Intra-Aortic Balloon Perforations (Update)
Hazard Update [Health Devices May 1997;26(5):217-9]
In Health Devices
18(12), December 1989, ECRI published a Hazard
Report addressing perforations of intra-aortic balloons (IABs). Although rare, balloon
perforations are a recognized complication of intra-aortic balloon pump (IABP) therapy,
and we continue to receive reports of perforations involving all brands of IABs.
Therefore, we are updating the original Hazard Report to review the causes and possible
serious consequences of IAB perforations, along with methods to minimize their incidence.
Causes of Balloon Perforations
For safe and effective operation, an IAB must be inflated and deflated quickly and must be
insertable through as narrow an arterial sheath as possible. To this end, the balloon membrane of
an IAB is only a few thousandths of an inch thick, making it susceptible to abrasion and
Balloon perforations have several causes. Some patients (especially the
elderly) have tortuous vessels lined with calcified atherosclerotic plaque. In our
experience, IAB perforations can usually be traced to insertion of an IAB through these
vessels and to repeated contact between the IAB and the calcified plaque as the balloon is
inflated and deflated. These actions can cause abrasion and eventual perforation of the
balloon's thin membrane. Other sources of perforation include manufacturing defects and
abrasions and punctures that arise during handling.
Problems Stemming from Balloon Perforations
An IAB perforation can lead to the following problems, either of which can
cause serious injury to the patient:
- The IAB can become trapped within the aorta or
femoral artery. This can occur when enough blood (i.e., several cubic
centimeters) enters the balloon through a perforation to form a hard clot
inside the balloon sufficiently large to prevent the balloon's removal.
- Helium gas can leak into the bloodstream through a perforation in the
balloon, possibly causing a gas embolus. However, this is very uncommon
since 1.) most perforations in an IAB are minute and 2.) during inflation,
the pressure gradient across the balloon membrane is too low to overcome the
large surface tension at the balloon/blood interface. Instead, blood is more
likely to enter the IAB; this happens during deflation, when the pressure
gradient is greater and in the opposite direction.
Minimizing Perforations and Managing Their Complications
Two ways to minimize the incidence of IAB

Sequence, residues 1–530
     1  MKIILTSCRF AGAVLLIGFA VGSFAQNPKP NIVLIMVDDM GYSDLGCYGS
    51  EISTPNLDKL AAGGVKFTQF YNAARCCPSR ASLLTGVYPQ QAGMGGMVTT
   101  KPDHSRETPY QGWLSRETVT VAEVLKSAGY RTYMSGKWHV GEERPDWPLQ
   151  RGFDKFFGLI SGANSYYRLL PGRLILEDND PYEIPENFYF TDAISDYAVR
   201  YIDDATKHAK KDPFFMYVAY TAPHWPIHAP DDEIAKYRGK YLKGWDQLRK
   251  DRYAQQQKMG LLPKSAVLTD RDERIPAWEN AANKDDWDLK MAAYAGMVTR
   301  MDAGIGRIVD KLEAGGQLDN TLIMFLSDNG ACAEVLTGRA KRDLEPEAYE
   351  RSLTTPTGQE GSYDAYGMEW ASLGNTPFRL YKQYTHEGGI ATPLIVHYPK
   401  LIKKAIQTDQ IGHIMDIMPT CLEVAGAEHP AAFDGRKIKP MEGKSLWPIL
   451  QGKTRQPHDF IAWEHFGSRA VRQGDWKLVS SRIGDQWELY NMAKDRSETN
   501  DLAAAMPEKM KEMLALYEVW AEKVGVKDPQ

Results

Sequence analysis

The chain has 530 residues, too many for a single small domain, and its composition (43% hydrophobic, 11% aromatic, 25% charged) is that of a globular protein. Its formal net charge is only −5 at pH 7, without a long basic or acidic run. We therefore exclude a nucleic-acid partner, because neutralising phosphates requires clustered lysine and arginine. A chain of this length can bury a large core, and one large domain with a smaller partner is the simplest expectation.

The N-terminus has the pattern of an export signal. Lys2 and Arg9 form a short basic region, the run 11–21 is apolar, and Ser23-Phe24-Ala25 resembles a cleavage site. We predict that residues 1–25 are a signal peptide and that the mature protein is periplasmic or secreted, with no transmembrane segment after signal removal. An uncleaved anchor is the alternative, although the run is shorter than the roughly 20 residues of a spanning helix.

perforations are to 1) use the correct size balloon and 2) position it
properly. Although IABs are now available in a variety of volumes (e.g., 30, 40,
50 cc), the standard 40 cc IAB is still generally used for all adult patients,
regardless of their size. However, studies(1,2,3) show that
using smaller IABs in shorter patients may reduce the incidence of IAB perforations.
Choosing an IAB to match the size of the patient helps ensure that the
balloon can be properly placed—that is, that the tip of the IAB can be positioned
below the subclavian artery while the proximal portion of the balloon membrane remains in
the descending thoracic aorta and out of the abdominal aorta. This is important, since the
abdominal aorta generally has more calcified plaque than does the descending thoracic
aorta. Proper positioning of the IAB is crucial and should be verified radiographically or
Careful review of the instructions for balloon insertion and
contraindications for use will also keep balloon perforations to a minimum.
Even when perforations do occur, careful observation by clinicians and
immediate investigation of gas leak alarms from an IABP typically prevent serious injury
to the patient. For example, if blood is seen in the extension tubing or in the balloon
catheter, clinicians are instructed to discontinue pumping and remove the balloon
- Choose the balloon size that best matches the size
of the patient (e.g., use smaller balloons for shorter patients).
- Verify proper positioning of the IAB within the
aorta radiographically or fluoroscopically.
- While the IABP is in use, instruct staff to inspect
the entire length of the IAB catheter and extension tubing for the presence
of blood at least every two hours. If blood is seen in the catheter or
tubing, the appropriate clinical staff should take action to safely
discontinue operation and remove the balloon immediately.
- Investigate gas leak alarms from an IABP
- Consider the perforation of any balloon to be a
warning that the patient's vasculature may cause perforations or abrasions
in subsequent balloons. Therefore, if a balloon is perforated during use and
an alternative therapeutic modality is unavailable or ineffective, increase
the IAB catheter and extension tubing inspection frequency to every half
hour for the next balloon that is inserted.
- Have clinicians review balloon insertion instructions before each use to
verify that no changes have been made in the recommended procedure.
- Cohen M, Patel JJ, Dohad S, et al. Pilot prospective evaluation of
counterpulsation with different intra-aortic balloon volumes on cardiac
performance in humans. Cathet Cardiovasc Diagn
- Cox PM, Kellett M, Goran SF, et al. Plaque abrasion and intra-aortic
balloon leak. Chest 1995
- Wolvek S. The hostile environment of the aging human aorta and the
smaller patient--their implications for the intra-aortic balloon.
Perfusion 1994 Mar;9(2):87-94.
- Catheters, Intra-Aortic Balloon [10-725]
- Circulatory Assist Units, Intra-Aortic Balloon [10-846]
Cause of Device-Related Incident
Device factor: Device failure
User errors: Inappropriate reliance on an automated feature; Incorrect clinical use
Support system failures: Failure to train
and/or credential; Use of inappropriate devices
Mechanism of Injury or Death
Embolism (gaseous); Failure to deliver therapy